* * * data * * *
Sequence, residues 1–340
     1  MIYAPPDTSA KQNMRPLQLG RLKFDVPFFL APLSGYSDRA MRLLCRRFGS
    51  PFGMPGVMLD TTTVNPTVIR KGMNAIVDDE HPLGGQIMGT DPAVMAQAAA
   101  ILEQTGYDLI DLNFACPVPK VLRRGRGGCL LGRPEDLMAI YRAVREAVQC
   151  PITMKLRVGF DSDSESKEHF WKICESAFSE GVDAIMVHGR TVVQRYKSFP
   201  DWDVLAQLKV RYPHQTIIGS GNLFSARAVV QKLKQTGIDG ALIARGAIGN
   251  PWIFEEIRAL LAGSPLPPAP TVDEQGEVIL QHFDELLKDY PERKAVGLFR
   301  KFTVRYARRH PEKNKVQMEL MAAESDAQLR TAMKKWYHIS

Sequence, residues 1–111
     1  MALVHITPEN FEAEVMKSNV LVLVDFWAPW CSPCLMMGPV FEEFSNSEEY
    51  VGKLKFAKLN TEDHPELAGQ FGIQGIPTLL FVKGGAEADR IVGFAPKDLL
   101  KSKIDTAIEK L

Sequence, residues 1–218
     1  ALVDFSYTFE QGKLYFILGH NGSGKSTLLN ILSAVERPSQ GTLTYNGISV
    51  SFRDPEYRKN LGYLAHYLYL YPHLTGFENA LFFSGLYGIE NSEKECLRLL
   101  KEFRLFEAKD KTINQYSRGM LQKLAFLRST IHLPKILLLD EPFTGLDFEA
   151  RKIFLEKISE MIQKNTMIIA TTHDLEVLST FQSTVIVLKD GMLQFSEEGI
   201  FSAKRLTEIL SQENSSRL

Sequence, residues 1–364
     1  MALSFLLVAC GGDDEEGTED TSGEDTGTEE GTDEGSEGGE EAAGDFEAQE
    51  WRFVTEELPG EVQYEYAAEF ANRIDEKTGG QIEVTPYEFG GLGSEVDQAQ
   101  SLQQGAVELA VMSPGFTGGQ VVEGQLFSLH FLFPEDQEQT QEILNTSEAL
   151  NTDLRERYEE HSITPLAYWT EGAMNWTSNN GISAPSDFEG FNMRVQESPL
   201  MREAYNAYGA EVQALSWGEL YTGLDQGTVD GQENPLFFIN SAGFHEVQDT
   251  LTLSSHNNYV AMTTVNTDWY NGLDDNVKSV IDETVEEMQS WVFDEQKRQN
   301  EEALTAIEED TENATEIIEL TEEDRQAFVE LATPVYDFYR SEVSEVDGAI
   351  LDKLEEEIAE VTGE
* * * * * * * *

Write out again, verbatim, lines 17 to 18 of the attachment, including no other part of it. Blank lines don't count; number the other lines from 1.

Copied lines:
   151  RKIFLEKISE MIQKNTMIIA TTHDLEVLST FQSTVIVLKD GMLQFSEEGI
   201  FSAKRLTEIL SQENSSRL